The Chinese painting Dwelling in the Fuchun Mountains is a masterpiece created by Huang Kungwang, who is considered the most revered painter among the Four Great Masters of the Yuan Dynasty. As it ushered in the pinnacle of ancient Chinese landscape painting, Dwelling in the Fuchun Mountains was later praised as the most magnificent work in landscape painting.
Huang began serious studies in painting only at the age of 50. At the age of 78, he moved to the Fuchun Mountains (southwest of Hangzhou, along the northern bank of the Fuchun River) where he spent the rest of his life. There, he painted a number of natural landscapes, among them Dwelling in the Fuchun Mountains.
Since the Yuan Dynasty, all artists regarded having the opportunity of viewing this painting scroll as a great fortune. In the late Ming Dynasty, Dong Qichang, who was a famous painter and connoisseur, purchased this scroll in the 24th year of Wanli of the Ming Dynasty (1596), but it was transferred to collector Wu Zhiju (Zhengzhi) shortly after. Later, he passed it down to his son Wu Wenqing, who loved it very much, and especially constructed a building called Fuchun Xuan to store this family heirloom. As painter Zou Zhilin was Wu Wenqing’s close friend, he inscribed Fuchun Xuan for Wu. The inscription reads: “The owner has been with this painting for decades. When sleeping, he puts it near his pillow; while having meals, he puts it near his seat. Day and night, wherever he goes, the painting is with him.” It tells of the extent of Wu’s love for the painting. When Wu had to flee from war as the Ming Dynasty was coming to an end, the scroll was the only thing he took along. When he was dying, he even attempted to burn the painting to accompany him. Fortunately, his nephew rescued the burning Dwelling in the Fuchun Mountains in time. However, it is a pity that the first part of the scroll was burned, and the two sections of the remaining part have been separated over the past 300 years or so.
The smaller piece, also the beginning section, measuring 51.4 centimeters long, was subsequently known as The Remaining Mountain (剩山圖). In 1956, it finally settled down in the Zhejiang Provincial Museum in Hangzhou. The longer piece, known as The Master Wuyong Scroll (無用師卷), was taken to Taiwan during the 1950s, and is now at the National Palace Museum in Taipei.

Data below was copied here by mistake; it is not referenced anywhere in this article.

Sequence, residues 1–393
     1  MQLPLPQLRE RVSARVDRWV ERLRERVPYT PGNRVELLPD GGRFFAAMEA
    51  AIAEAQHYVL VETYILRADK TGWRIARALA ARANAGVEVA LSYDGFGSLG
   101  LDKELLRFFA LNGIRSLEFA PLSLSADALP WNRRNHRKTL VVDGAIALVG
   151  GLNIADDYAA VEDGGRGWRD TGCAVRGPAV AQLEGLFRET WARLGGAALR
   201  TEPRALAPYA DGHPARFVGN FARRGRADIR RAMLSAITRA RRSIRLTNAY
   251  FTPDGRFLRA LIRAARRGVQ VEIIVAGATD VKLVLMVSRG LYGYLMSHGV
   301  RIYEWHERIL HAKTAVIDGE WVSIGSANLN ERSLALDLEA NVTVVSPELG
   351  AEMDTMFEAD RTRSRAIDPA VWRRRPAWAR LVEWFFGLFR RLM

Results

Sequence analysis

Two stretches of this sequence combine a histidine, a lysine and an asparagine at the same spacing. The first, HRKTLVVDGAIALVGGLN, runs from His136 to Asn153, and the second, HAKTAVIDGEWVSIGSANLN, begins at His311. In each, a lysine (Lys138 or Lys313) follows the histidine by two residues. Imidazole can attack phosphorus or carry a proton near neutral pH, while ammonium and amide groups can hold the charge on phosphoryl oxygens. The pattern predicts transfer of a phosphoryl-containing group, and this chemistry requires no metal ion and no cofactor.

The reason for calling it The Master Wuyong Scroll is that the inscription indicated that the painting should be given to Master Wuyong. Master Wuyong was a Taoist, whose surname was Zheng, and his first name was Wuyong. He was Huang Kungwang’s junior fellow apprentice. The Master Wuyong Scroll was mistakenly identified as a counterfeit, while the imitated scroll, The Ziming Scroll, was mistakenly identified as a genuine piece by Emperor Qianlong. Emperor Qianlong particularly cherished Dwelling in the Fuchun Mountains. Not only did he often display it in the palace for appreciation, but he also brought it along during his inspection tours. He even put inscriptions on the scroll 55 times during the 50 years from 1745 to 1794. Almost all of the places available were filled with his inscriptions, which is undoubtedly a severe damage to the painting. As to The Master Wuyong Scroll, it doesn’t have any inscription of the emperor because it was not deemed to be an authentic work. As a result, it was well preserved. The artist who finally identified The Master Wuyong Scroll as an authentic work is famous connoisseur Xu Bangda. In 1973, he published an article entitled the Identification of Dwelling in the Fuchun Mountains in the fifth issue of the National Palace Museum Journal, which certified that The Master Wuyong Scroll is genuine, and The Ziming Scroll is a counterfeit.